Meter management came up earlier, and that also ties into shooting guns. In addition to the usual health and stamina, you have a third “energy” meter in Dolmen. This meter can be cashed in for several purposes, including an instant heal, a power up based on your armor type and fueling your guns. Guns take energy but not permanently, allowing it to recharge. But that’s only for guns, and overextending your energy healing will leave your gun without ammo. Of course there’s a consumable battery item, but the tradeoff for the instant heal is a not so instant casting time to recharge. It’s an interesting little system that’s tough to do much with early on, but opens up a lot more as you level up.

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What doesn’t feel as neat and open is Dolmen’s crafting stuff. You get parts from enemies and bosses, then go back to your ship to make weapons and armor. But there’s a severe lack of variety, especially with armor. You end up pumping a bunch of resources to make a piece stronger, then you get access to the next “tier” of that set. So you’re just pumping numbers into armor that really doesn’t change much, and you aren’t finding anything exciting out in the trenches for the most part. It’s all grind and no glam.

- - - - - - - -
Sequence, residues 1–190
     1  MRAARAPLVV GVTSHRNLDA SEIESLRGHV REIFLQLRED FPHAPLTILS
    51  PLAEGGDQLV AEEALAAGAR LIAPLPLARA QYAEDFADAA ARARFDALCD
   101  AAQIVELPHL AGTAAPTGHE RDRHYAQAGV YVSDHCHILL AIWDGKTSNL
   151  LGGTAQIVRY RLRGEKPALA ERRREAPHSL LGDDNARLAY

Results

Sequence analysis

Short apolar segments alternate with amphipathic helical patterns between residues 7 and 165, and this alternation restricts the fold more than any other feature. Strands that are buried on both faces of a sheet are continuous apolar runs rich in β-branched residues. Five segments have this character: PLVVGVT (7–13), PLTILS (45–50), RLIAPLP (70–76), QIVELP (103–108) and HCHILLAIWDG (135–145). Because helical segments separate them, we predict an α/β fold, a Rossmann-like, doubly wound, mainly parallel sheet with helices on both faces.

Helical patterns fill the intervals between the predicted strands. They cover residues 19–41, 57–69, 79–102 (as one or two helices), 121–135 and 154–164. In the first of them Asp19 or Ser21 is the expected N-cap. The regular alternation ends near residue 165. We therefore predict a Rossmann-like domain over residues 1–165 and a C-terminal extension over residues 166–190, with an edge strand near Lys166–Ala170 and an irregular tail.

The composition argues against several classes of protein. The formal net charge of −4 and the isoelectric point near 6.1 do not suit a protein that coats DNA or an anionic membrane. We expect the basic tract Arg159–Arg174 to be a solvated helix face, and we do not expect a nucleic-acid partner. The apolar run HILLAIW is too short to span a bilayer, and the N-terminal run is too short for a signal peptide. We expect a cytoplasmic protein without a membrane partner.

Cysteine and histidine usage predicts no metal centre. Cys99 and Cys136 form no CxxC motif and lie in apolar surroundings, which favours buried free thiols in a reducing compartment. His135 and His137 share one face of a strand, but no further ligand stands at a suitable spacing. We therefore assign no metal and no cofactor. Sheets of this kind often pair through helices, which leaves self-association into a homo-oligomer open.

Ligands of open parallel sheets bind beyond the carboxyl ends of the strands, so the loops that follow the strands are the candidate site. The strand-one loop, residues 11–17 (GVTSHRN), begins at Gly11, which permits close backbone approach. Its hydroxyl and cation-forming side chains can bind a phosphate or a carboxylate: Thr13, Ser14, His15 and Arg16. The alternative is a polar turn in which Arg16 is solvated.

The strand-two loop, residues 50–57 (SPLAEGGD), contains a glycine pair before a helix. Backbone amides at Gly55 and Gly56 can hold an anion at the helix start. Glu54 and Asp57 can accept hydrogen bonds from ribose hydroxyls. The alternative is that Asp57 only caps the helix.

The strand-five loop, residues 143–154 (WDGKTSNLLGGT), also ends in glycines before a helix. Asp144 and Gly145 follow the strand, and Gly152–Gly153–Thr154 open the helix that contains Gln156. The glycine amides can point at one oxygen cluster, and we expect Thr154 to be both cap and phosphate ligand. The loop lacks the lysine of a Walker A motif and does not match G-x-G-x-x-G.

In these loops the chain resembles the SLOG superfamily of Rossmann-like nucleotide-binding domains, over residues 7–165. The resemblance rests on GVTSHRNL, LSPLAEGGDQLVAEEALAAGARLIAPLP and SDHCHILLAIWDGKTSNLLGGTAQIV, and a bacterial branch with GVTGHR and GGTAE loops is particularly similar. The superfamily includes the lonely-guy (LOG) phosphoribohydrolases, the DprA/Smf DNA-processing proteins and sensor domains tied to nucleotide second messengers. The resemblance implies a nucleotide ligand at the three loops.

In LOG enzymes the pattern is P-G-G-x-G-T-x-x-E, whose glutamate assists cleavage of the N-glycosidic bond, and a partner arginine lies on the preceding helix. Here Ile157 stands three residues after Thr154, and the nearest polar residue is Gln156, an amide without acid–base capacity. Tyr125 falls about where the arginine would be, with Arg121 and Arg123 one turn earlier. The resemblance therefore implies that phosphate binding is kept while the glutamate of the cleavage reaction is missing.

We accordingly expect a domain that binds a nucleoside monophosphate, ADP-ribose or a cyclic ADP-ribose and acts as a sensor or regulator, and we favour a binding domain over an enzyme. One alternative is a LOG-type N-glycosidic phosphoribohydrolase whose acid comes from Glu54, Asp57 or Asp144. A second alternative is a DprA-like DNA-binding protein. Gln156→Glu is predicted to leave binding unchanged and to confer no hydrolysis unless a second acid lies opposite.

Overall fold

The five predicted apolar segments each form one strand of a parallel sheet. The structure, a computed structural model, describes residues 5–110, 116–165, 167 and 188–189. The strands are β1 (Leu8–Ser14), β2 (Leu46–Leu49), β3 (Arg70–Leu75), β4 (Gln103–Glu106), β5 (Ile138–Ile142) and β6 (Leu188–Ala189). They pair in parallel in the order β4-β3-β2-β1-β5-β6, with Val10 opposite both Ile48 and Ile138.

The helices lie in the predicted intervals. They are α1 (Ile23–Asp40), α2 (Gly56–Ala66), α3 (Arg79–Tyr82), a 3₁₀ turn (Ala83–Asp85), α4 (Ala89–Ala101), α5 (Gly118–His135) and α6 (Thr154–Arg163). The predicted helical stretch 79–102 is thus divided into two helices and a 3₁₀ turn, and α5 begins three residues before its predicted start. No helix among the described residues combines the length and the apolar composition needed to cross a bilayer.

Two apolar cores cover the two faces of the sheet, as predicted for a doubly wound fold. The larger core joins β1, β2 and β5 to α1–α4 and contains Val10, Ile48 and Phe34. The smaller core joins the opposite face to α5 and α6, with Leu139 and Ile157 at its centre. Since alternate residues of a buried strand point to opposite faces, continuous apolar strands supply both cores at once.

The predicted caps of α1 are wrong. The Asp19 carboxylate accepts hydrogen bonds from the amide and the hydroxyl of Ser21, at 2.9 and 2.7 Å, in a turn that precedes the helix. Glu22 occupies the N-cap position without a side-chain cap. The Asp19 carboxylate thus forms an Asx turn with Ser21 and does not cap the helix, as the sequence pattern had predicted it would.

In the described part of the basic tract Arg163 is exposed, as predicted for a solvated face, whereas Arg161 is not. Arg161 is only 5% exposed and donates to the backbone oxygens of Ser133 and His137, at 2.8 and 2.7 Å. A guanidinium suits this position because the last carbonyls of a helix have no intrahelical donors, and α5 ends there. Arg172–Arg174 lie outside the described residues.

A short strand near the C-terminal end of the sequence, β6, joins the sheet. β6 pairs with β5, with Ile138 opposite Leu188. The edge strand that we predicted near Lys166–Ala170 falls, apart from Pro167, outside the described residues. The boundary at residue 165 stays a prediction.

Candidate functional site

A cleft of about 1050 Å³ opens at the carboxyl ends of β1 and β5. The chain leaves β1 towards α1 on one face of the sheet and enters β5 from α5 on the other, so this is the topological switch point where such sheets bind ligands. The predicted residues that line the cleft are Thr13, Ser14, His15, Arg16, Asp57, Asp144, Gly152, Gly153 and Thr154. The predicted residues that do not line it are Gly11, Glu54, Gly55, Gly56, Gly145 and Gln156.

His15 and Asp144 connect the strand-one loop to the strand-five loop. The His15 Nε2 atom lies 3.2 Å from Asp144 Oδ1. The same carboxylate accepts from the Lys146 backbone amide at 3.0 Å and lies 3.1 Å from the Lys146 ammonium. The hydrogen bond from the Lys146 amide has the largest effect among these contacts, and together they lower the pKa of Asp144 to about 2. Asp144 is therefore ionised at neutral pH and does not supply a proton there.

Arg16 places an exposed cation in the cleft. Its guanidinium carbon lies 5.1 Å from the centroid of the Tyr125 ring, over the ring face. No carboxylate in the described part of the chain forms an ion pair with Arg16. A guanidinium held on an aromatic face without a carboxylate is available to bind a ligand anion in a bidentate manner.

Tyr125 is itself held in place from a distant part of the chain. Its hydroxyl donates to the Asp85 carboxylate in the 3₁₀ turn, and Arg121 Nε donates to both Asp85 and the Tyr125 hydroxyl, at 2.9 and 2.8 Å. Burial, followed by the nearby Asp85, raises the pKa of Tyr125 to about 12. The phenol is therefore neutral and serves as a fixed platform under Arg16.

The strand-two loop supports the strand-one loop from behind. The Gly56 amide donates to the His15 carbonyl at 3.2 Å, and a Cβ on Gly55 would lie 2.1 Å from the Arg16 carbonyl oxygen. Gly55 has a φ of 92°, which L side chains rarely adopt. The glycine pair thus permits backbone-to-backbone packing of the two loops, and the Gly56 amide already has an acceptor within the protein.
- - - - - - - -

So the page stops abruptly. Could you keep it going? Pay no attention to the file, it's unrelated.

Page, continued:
Bosses do add another weird wrinkle to Dolmen’s whole vibe. Bosses drop unique parts that you can use to make more interesting weapons. But they don’t respawn on their own for farming. So, there’s another resource you can get from random drops you have to pay to make the bosses come back to life. This is the only resource besides exp (Nanites) you lose on death.

That’s kind of strange but makes sense, right? The thing is, this resource is also tied to multiplayer. If you want to squad up for a boss fight you’re struggling with, there’s a good chance you’re out of the stuff you need to even initiate multiplayer! So in addition to making your way back to the boss room, you also have to make sure to grind a few gimmicks so the game allows you to get help. Seems counter-intuitive.

None of this stuff is bad or experience-ruining. Dolmen just can’t hide its non-AAAness for better and for worse. There’s jank, but not so much jank it takes over. The UI looks… store bought (those damage numbers look so out of place)? It’s a solid game with neat ideas, but doesn’t stick enough of a landing on any of them to make it stand out. Dolmen’s biggest problem is how boilerplate its entire aesthetic is, which makes the smaller problems stand out more. Frankly Dolmen’s an impressive project as a non-AAA from a small team. Unfortunately there’s no shortage of Souls derivatives out there in games today, and this one seems vulnerable to getting lost in the shuffle.


Pros:

  • Energy management changes the Soulslike flow
  • Ranged combat is neat
  • Lots of enemy and environment changes

Cons:

  • The cosmic horror aspect is pretty weak
  • Doesn’t establish a distinct identity
  • “Jank” is certainly present

Score: 6

A copy of this game was provided by the publisher for review.